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English as a Lingua Franca

English as a Lingua Franca
English as a Lingua Franca
Speakers of English as a lingua franca (ELF) represent the largest contemporary group of English users around the world. Much empirical research into the phenomenon of ELF over the past 10 years or so has focused on identifying the linguistic regularities of their English in diverse contexts of use. More recently, research has demonstrated the extent to which ELF is characterized by extensive online variability, with speakers accommodating their English to an extent not found in other language use, so as to make it appropriate to the interaction in hand and the diverse interlocutors involved.

The acknowledged variability of ELF has resulted in a dilemma for English language teaching and assessment. That is, grammatical and pragmatic norms conventionally associated with an idealized “standard” version of the native language no longer seem appropriate as benchmarks, because the majority of ELF use takes place among non-native English speakers. English language assessment thus needs to develop new benchmarks that are able to evaluate the degree to which ELF users’ English is fit for purpose.

This chapter begins by discussing ELF from the perspective of teaching and learning, and, in doing so, dispels the myth that ELF eschews any kind of standards. It goes on to explore the notion of “standard” English and the extent to which it is grounded in language ideology rather than appropriate use of language in context, as well as the ways in which this ideology is being reinforced by the powerful transnational English language testing enterprises and, in turn, diverting attention from the changes needed in English language teaching. Finally, taking note of work in the field of critical language assessment and paying attention to empirical findings regarding ELF-mediated communication, the factors that need to be taken into account in order to enrich the agenda for future developments are considered.
intercultural communication, language for academic purposes, lingua franca
9781118411360
Wiley Blackwell
Jenkins, Jennifer
7daf0457-86d0-4c08-af4b-79641d1f7fd0
Constant, Leung
711548aa-7a0d-48cf-b7e4-d889466a2674
Kunnan, Anthony John
Jenkins, Jennifer and Constant, Leung (2014) English as a Lingua Franca In, Kunnan, Anthony John (eds.) The Companion to Language Assessment. Chichester, Wiley Blackwell (doi:10.1002/9781118411360.wbcla047).

Jenkins, Jennifer and Constant, Leung (2014) English as a Lingua Franca In, Kunnan, Anthony John (eds.) The Companion to Language Assessment. Chichester, Wiley Blackwell (doi:10.1002/9781118411360.wbcla047).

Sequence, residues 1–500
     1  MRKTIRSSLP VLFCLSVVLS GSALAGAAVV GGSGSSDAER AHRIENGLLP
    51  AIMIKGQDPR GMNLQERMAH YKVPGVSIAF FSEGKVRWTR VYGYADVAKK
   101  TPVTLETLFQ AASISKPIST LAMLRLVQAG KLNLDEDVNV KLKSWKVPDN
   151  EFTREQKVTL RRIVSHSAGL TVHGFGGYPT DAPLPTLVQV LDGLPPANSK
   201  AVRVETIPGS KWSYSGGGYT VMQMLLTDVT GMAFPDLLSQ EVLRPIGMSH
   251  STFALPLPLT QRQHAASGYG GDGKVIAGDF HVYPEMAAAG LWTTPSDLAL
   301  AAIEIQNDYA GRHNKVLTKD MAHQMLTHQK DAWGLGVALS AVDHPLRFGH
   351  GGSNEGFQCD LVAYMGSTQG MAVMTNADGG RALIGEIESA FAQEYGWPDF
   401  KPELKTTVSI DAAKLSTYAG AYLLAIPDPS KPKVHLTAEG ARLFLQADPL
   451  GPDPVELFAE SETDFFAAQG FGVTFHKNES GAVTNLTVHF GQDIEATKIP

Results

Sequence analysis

Record type: Book Section

Abstract

Speakers of English as a lingua franca (ELF) represent the largest contemporary group of English users around the world. Much empirical research into the phenomenon of ELF over the past 10 years or so has focused on identifying the linguistic regularities of their English in diverse contexts of use. More recently, research has demonstrated the extent to which ELF is characterized by extensive online variability, with speakers accommodating their English to an extent not found in other language use, so as to make it appropriate to the interaction in hand and the diverse interlocutors involved.

The acknowledged variability of ELF has resulted in a dilemma for English language teaching and assessment. That is, grammatical and pragmatic norms conventionally associated with an idealized “standard” version of the native language no longer seem appropriate as benchmarks, because the majority of ELF use takes place among non-native English speakers. English language assessment thus needs to develop new benchmarks that are able to evaluate the degree to which ELF users’ English is fit for purpose.

This chapter begins by discussing ELF from the perspective of teaching and learning, and, in doing so, dispels the myth that ELF eschews any kind of standards. It goes on to explore the notion of “standard” English and the extent to which it is grounded in language ideology rather than appropriate use of language in context, as well as the ways in which this ideology is being reinforced by the powerful transnational English language testing enterprises and, in turn, diverting attention from the changes needed in English language teaching. Finally, taking note of work in the field of critical language assessment and paying attention to empirical findings regarding ELF-mediated communication, the factors that need to be taken into account in order to enrich the agenda for future developments are considered.

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More information

Published date: 2014
Keywords: intercultural communication, language for academic purposes, lingua franca
Organisations: Modern Languages

Identifiers

Local EPrints ID: 349032
URI: http://eprints.soton.ac.uk/id/eprint/349032
ISBN: 9781118411360
PURE UUID: a7a08d46-98e1-41a0-ba08-e1caa114f6bc

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Date deposited: 25 Feb 2013 10:29
Last modified: 18 Jul 2017 04:45

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Author: Leung Constant
Editor: Anthony John Kunnan

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